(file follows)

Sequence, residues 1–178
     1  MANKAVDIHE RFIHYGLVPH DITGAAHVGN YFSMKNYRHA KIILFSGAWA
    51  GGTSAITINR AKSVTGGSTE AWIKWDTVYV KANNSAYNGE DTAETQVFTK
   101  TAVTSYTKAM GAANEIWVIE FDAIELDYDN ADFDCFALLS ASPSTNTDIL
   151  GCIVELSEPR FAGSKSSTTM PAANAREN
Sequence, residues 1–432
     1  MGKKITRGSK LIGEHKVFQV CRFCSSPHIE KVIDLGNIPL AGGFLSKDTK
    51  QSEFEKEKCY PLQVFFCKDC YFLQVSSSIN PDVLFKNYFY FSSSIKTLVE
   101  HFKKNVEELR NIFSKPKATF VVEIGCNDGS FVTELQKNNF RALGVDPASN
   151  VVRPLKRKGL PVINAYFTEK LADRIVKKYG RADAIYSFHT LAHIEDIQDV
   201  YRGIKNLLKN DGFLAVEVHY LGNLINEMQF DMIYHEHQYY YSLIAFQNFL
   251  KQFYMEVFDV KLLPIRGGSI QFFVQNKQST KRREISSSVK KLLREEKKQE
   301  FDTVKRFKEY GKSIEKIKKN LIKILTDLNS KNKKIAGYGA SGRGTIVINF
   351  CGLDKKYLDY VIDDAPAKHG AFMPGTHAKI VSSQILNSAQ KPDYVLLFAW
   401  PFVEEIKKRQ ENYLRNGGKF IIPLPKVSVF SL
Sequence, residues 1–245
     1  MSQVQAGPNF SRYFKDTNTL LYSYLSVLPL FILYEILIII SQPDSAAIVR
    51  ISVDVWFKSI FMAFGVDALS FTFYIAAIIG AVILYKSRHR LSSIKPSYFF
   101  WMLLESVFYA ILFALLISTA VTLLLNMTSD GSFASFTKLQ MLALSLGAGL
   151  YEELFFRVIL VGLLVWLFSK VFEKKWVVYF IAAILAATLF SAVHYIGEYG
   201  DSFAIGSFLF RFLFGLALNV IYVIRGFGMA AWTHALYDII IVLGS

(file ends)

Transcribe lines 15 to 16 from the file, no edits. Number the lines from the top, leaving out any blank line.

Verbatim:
   401  PFVEEIKKRQ ENYLRNGGKF IIPLPKVSVF SL
Sequence, residues 1–245